Today we hear more from the prophet Amos, as he continues to rail against those of his own day who wallow in their wealth and easy living: “Lying on ivory beds and sprawling on their divans, they dine on lambs from the flock, and stall-fattened veal; they drink wine by the bowlful, and use the finest oil for anointing themselves.” Worse, disgracefully so: “About the ruin of Joseph they do not care at all.” His angry contempt for those who act like this is clear, as he calls on them to heed and imitate God’s own care for the poor, the needy, those living desperate lives on the edge of society.
It is this loving care by God of “those who are bowed down” that Psalm:146 celebrates, as it praises God for God’s unfailing help. This is the God of the “oppressed ….. the hungry …. prisoners ….. the blind … the stranger … the widow and orphan”.
The parable of the rich man and Lazarus in Luke’s Gospel presents a vivid contrast: designation of status rich vs. poor; being dressed in purple garments of fine linen (both very costly in the ancient world) vs. being clothed in ulcerous sores; sumptuous daily meals vs. scavenging for food with only dogs as companions. Yet the poor man’s name (rarely given in parables), Lazarus, is a hint of the reversal of fate that will unfold: echoing the theme of God’s unfailing help in Psalm 146, the name “Lazarus” literally means “God helps”. As the parable unfolds, with the deaths of both men, we see the rich man begging Abraham, associated with God’s covenant with God’s people, to send Lazarus to warn his brothers, who lived the same lavish lifestyle. Abraham replies that they have the same opportunities he had, the law and the prophets, a reference to the injunctions of the Torah to care for the poor and the needy, and the warnings of the prophets, like those of Amos. The parable is so relevant for today. Throughout the Hebrew Bible, the overriding evil of great wealth is that it so takes over a person’s life that it makes him or her deaf to the teaching of Torah and blind to the sufferings of others. As Christians, we know that Jesus listened to the voice of Moses and the prophets and offered love and acceptance to the marginalized of his day, while uttering sober warnings to the proud and prosperous. Like the brothers of the rich man in the parable, if we cannot plumb the depths of the social message of the Hebrew Bible, the words of the risen Jesus will fall on deaf ears.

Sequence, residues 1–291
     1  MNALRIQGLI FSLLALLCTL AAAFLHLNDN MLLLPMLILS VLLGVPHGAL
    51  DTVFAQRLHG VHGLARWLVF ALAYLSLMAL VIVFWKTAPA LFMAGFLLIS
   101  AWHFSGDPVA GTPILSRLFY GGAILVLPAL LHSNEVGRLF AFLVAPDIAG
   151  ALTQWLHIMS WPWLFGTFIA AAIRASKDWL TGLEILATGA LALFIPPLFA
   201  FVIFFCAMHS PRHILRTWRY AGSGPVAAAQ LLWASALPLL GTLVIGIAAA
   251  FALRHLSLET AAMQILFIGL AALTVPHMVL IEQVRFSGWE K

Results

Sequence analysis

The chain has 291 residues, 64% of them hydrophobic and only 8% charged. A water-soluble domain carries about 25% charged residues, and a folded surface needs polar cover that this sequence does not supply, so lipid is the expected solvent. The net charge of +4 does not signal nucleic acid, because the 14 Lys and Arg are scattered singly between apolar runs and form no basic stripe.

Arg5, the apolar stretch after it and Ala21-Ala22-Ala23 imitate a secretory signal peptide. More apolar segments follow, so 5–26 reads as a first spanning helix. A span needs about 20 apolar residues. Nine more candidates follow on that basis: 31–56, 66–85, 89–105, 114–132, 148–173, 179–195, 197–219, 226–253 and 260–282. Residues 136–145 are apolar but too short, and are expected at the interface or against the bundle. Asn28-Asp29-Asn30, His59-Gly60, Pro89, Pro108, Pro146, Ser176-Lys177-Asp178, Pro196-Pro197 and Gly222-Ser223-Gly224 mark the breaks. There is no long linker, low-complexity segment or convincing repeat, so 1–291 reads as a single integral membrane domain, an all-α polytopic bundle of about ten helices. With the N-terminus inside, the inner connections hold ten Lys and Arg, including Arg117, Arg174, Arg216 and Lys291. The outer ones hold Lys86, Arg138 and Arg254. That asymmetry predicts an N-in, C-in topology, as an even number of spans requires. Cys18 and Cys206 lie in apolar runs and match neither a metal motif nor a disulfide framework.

In the Letter to Timothy, there is an exhortation to live according to God’s teaching, which is in direct contrast to the verses immediately preceding our passage, which urge being content with what we have: “People who long to be rich are a prey to temptation; they get trapped into all sorts of foolish and dangerous ambitions which eventually plunge them into ruin and destruction.”